The pandemic has come in waves, and we continue to see these ups and downs in children’s difficulties, but at the same time, we know that kids can be resilient, and we anticipate that we will see improvements in behavior as we continue to navigate this new normal. I see COVID-19 as a universal trauma, and we are still picking up the pieces of that, but as we do so, I anticipate that we will see our children function better as we get further from the height of the pandemic.
How can parents begin to help their children sort through this mess to find contentment, and gain self-acceptance?
There are two major things I have been telling parents throughout the pandemic and continue to do so. The first is normalizing and validating the pandemic. It is important for children to hear their parents tell them, “It’s been a really hard couple of years. I know you have a lot more pressure, and have to do a lot more online education, and we can understand why you’re more stressed.”
Sometimes, parents feel so much pressure to always say and do the right thing, but here is what we know: The most predictive factor in resilient children, beyond anything else – is the presence of at least one supportive and consistent caregiver. Spending quality time with our kids -- listening to them, validating them and making them feel heard – goes a very long way. These conversations give kids the assurance that they and their parents are in this together.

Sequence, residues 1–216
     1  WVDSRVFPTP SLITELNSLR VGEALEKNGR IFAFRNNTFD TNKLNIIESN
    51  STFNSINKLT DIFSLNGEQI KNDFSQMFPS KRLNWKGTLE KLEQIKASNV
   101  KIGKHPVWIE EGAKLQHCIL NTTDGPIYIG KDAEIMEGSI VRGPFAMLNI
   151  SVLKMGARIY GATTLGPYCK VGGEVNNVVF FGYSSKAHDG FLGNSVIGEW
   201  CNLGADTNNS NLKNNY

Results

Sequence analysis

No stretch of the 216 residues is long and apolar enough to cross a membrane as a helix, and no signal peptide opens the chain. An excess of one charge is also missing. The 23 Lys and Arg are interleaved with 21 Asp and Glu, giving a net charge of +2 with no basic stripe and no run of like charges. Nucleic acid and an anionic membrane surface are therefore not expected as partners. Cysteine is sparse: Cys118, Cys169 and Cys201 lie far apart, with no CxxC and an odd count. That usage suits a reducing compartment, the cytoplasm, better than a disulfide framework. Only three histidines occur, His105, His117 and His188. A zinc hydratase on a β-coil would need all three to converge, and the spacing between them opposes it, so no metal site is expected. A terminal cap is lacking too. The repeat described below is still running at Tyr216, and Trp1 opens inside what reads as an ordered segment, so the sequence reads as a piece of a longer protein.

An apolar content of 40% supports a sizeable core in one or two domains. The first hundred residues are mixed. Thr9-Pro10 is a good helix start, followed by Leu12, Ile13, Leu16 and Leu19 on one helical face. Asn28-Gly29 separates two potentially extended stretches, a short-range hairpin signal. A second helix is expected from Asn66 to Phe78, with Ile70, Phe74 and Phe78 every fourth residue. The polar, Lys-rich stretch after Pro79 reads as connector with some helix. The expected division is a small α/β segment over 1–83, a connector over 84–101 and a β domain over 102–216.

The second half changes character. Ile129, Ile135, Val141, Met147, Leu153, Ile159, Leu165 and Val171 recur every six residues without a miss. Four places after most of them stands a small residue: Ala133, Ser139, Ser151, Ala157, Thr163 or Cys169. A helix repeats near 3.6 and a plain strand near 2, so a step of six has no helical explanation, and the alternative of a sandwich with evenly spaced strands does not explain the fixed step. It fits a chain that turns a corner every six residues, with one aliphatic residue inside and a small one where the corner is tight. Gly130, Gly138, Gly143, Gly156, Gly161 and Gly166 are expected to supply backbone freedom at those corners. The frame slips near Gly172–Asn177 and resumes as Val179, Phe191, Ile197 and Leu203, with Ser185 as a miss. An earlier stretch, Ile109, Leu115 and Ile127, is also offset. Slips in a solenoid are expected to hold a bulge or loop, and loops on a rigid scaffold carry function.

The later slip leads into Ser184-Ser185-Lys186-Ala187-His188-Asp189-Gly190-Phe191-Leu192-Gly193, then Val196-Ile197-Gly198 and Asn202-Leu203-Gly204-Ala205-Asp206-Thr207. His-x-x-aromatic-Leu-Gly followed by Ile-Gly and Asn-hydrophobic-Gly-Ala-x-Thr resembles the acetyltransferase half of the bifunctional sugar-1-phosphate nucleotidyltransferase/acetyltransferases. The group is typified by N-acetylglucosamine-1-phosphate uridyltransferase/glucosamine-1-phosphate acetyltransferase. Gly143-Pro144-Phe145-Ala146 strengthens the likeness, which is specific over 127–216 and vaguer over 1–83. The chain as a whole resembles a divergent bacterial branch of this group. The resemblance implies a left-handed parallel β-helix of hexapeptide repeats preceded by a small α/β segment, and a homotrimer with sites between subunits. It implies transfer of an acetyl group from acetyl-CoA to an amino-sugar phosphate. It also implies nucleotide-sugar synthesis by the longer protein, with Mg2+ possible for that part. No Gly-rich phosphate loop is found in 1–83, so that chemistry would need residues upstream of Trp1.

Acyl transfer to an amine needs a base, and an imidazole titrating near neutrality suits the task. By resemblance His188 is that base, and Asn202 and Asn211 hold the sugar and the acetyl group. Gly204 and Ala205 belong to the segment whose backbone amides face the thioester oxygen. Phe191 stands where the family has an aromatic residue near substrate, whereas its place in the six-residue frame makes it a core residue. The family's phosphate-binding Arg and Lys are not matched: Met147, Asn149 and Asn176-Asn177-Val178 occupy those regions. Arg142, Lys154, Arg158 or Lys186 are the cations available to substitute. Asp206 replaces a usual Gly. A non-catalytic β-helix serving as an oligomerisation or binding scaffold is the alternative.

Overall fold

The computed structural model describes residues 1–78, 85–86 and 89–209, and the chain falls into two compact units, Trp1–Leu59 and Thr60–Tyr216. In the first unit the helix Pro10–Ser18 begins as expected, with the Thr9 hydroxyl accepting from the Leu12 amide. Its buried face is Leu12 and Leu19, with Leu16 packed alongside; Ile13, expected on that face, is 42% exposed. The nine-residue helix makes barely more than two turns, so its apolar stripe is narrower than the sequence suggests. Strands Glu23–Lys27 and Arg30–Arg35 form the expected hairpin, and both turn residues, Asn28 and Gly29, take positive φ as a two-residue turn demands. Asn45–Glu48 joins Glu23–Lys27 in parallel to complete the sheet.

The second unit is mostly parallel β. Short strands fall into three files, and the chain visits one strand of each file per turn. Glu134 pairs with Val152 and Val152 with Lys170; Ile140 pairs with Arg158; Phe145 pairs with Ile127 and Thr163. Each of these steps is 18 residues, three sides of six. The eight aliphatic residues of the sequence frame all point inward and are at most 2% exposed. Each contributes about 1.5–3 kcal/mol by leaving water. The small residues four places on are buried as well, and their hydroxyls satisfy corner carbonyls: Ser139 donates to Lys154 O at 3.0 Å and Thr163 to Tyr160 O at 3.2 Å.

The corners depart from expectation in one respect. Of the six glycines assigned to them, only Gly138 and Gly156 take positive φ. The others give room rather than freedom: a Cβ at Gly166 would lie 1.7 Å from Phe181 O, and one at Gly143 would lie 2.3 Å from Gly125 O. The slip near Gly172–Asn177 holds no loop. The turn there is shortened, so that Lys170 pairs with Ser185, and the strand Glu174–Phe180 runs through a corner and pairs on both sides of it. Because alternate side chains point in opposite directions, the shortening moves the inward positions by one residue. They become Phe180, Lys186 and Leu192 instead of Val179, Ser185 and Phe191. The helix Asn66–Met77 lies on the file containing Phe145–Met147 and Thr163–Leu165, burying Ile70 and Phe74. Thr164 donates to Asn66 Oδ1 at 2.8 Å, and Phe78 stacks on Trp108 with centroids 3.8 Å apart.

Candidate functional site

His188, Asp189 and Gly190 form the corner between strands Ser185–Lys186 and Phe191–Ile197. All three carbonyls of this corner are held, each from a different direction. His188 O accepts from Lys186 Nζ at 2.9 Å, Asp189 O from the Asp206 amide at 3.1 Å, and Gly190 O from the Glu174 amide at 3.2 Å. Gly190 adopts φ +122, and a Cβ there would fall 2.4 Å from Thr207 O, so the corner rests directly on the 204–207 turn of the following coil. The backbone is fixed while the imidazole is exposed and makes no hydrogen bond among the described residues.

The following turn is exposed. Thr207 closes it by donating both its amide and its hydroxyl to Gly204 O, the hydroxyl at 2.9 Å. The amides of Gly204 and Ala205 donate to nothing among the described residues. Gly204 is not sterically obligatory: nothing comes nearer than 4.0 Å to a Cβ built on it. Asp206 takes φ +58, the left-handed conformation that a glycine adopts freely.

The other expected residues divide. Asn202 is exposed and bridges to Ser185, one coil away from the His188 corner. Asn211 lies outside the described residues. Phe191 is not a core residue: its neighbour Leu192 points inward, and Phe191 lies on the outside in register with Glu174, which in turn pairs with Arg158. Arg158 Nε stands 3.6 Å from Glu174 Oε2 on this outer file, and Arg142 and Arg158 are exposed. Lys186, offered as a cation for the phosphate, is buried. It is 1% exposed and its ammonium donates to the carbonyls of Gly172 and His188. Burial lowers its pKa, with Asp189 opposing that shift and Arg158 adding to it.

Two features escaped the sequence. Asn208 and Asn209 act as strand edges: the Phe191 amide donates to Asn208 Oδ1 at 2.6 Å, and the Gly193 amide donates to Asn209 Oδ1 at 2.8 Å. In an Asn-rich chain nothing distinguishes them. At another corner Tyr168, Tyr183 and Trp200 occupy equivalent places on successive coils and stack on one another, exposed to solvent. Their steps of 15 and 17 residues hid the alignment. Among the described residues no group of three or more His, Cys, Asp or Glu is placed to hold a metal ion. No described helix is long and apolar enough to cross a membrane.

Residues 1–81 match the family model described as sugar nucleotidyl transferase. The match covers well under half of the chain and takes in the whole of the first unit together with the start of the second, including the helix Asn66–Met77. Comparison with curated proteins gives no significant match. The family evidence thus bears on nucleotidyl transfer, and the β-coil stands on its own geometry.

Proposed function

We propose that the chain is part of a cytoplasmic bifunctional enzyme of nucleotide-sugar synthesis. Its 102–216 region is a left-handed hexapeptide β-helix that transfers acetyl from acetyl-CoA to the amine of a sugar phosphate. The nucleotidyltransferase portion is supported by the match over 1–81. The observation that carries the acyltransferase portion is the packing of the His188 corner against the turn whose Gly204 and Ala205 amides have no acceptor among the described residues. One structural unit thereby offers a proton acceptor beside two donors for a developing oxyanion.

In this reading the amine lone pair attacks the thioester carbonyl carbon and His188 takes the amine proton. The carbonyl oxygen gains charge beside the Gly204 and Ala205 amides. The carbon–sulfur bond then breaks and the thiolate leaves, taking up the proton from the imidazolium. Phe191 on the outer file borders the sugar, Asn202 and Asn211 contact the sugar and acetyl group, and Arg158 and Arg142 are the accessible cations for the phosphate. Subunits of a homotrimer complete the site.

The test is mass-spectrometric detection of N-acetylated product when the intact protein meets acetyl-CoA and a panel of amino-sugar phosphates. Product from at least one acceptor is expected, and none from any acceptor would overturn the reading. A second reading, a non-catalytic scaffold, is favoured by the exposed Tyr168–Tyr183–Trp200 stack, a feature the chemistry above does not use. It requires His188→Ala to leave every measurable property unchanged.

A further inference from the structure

What breakthroughs and initiatives - policy, legislation, clinical and otherwise - are you seeing in the area of children’s health? In other words, what progress is giving you the biggest hope for the overall health of children?
In our work at Nemours Children’s Health, we are seeing more and more of the general public gain clear information about mental health care, and it’s one of the most important things we are doing. As we work through improving policies that truly speak to children’s wellness, we are making things more accessible, creating a more broad and public forum, and giving them the gift of letting them make the decisions for their children in a more informed way.
What is your favorite spot in Greenville or Hockessin?
My top spot is Ashland Nature Center, which is where my husband and I let our kids and our dogs run around and get some exercise. It is easily accessible to our house, and during COVID-19, it was by far my family’s favorite place to get out of the house and get some fresh air.
Meghan Walls organizes a dinner party, and can invite anyone she wishes – famous or not, living or not. Who would we see around that dinner table?
My mom is at the top of that list, and my table would also include Barack and Michelle Obama; Edith Wilson, the wife of President Woodrow Wilson; Taylor Swift; Meghan Markle and Princess Diana; Bill Gates; F. Scott Fitzgerald and Jacqueline Kennedy.
What item can always be found in your refrigerator?
I have two young children, so I think the only acceptable answer here is ketchup.
To learn more about Nemours Children’s Health, visit www.nemours.org.
-- Richard L. Gaw
G & h life q and a 1 Courtesy photo Dr. Meghan Walls